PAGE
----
Asymmetries in the Sequential Learning of Brand Associations: Implications for the Early Entrant Advantage
The highlighting effect occurs when the order in which consumers learn about brands determines the strength of association between these brands and their attributes. In four experiments, we find that consumers more strongly associate common attributes with early learned brands and unique attributes with late-learned brands. These findings imply an advantage for late entrants when unique attributes offer a higher value than attributes that are common to late and early entrants. We extend an attention-based model of associative learning to accommodate sequential learning of brand associations and predict when late versus early entrants will be able to sustain an advantage. (c) 2008 by JOURNAL OF CONSUMER RESEARCH, Inc..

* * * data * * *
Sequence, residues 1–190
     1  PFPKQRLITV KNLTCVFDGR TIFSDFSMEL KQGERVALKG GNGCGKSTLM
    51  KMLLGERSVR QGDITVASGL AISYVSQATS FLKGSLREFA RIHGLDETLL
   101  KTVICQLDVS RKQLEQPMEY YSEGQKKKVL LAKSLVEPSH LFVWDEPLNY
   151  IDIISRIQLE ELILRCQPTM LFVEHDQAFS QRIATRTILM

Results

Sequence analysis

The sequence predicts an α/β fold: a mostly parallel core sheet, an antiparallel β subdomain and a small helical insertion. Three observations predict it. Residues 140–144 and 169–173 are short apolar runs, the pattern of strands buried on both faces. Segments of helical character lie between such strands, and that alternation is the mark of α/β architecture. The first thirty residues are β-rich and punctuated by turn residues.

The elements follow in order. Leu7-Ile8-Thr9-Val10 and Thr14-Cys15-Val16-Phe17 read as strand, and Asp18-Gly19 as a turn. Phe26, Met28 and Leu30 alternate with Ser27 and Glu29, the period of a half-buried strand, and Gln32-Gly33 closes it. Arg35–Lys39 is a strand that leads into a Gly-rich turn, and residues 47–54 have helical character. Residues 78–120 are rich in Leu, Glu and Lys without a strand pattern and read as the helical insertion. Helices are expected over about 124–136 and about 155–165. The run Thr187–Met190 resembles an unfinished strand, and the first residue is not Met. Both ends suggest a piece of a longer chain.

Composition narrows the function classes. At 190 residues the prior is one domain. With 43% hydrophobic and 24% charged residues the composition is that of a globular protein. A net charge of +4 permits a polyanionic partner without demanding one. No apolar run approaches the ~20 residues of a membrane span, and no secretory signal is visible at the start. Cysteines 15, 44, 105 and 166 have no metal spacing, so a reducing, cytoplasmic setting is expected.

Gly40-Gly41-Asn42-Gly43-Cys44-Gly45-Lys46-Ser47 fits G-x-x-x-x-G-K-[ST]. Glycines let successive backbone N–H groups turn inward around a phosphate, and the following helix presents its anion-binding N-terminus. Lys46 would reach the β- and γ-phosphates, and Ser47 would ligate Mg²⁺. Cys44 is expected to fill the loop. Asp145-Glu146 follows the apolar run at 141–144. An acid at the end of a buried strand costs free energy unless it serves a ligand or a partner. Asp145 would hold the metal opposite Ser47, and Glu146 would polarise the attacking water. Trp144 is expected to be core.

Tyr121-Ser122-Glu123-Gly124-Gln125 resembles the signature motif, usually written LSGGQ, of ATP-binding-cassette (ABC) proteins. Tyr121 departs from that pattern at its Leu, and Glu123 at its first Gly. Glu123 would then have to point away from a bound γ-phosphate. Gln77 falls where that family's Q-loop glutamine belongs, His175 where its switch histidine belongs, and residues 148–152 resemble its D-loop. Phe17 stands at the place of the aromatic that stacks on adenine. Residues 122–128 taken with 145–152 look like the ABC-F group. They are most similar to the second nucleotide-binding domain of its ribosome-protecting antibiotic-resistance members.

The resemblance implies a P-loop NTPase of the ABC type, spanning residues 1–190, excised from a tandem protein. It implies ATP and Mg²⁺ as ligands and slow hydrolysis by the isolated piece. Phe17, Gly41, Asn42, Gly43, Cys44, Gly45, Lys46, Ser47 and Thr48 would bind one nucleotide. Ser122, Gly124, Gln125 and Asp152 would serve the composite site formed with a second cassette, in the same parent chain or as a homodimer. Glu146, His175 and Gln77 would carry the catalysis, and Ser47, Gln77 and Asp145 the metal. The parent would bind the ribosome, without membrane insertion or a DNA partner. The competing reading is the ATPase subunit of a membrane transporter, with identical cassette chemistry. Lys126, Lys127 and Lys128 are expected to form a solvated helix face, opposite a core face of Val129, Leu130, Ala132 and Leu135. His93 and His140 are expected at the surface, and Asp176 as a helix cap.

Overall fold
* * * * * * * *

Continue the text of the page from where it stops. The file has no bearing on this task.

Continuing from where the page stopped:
When requesting a correction, please mention this item's handle: RePEc:ucp:jconrs:v:35:y:2009:i:5:p:788-799. See general information about how to correct material in RePEc.
For technical questions regarding this item, or to correct its authors, title, abstract, bibliographic or download information, contact: (Journals Division)
If references are entirely missing, you can add them using this form.